- 88% of diarrheal disease is attributed to unsafe water supply, inadequate sanitation and hygiene.
- Improved water supply reduces diarrheal morbidity by between 6% to 25%, if severe outcomes are included.
- Improved sanitation reduces diarrhoea morbidity by 32%.
- Hygiene interventions including hygiene education and promotion of hand washing can lead to a reduction of diarrheal cases by up to 45%.
- Improvements in drinking-water quality through household water treatment, such as chlorination at point of use, can lead to a reduction of diarrheal episodes by between 35% and 39%.
- Read more HERE
Here are some other facts and figures about water and sanitation that you may not know:
- 1.1 billion people in the world do not have access to safe water, roughly one-sixth of the world’s population.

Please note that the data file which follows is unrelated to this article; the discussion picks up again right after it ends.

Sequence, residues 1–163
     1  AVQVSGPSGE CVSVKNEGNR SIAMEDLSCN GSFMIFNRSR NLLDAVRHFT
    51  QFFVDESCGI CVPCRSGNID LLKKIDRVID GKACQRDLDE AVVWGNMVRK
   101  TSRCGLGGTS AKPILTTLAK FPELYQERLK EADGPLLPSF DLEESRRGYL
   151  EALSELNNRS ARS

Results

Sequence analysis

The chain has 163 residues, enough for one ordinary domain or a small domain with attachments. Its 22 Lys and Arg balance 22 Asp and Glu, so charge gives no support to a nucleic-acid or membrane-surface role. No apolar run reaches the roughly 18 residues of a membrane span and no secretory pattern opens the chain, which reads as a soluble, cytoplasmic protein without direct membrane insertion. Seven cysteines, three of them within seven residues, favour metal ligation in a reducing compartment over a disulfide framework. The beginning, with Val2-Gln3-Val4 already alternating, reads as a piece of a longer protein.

- 2.4 billion people in the world do not have access to adequate sanitation, about two-fifths of the world’s population.
- 2.2 million people in developing countries, most of them children, die every year from diseases associated with lack of access to safe drinking water, inadequate sanitation and poor hygiene.
- Some 6,000 children die every day from diseases associated with lack of access to safe drinking water, inadequate sanitation and poor hygiene – equivalent to 20 jumbo jets crashing every day.
- At any one time it is estimated that half of the world’s hospital beds are occupied by patients suffering from water-borne diseases.
- 200 million people in the world are infected with schistosomiasis, of whom 20 million suffer severe consequences. The disease is still found in 74 countries of the world. Scientific studies show that a 77% reduction of incidence from the disease was achieved through well designed water and sanitation interventions.